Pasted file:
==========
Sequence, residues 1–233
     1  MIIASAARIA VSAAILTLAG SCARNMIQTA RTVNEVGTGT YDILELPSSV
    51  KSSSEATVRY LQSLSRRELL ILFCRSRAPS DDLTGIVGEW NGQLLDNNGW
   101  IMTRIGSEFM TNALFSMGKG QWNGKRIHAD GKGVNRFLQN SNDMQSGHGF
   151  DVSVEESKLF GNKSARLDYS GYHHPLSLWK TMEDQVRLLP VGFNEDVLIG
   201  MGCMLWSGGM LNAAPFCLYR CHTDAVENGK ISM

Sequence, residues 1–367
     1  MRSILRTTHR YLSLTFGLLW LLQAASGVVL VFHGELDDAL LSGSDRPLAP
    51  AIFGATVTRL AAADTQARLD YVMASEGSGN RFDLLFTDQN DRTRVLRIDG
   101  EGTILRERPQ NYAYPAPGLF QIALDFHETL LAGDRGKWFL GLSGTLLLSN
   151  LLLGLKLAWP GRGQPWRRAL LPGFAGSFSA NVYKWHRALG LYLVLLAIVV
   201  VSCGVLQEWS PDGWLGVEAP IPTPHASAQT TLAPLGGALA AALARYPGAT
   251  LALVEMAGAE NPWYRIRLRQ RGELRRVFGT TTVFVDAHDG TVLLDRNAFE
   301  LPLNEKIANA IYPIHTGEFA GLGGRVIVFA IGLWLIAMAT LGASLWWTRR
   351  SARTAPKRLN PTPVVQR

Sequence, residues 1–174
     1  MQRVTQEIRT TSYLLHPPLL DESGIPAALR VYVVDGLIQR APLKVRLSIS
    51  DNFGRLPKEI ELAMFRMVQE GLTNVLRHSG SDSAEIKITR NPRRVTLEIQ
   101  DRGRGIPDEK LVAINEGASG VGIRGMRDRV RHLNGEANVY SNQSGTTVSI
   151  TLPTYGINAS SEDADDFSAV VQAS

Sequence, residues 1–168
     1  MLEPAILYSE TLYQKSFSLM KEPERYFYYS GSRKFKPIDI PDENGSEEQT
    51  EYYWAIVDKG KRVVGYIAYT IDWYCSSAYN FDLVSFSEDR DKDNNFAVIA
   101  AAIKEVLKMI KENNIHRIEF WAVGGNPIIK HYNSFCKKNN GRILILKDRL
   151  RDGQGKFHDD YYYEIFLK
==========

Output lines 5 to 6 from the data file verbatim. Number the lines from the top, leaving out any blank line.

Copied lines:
   151  DVSVEESKLF GNKSARLDYS GYHHPLSLWK TMEDQVRLLP VGFNEDVLIG
   201  MGCMLWSGGM LNAAPFCLYR CHTDAVENGK ISM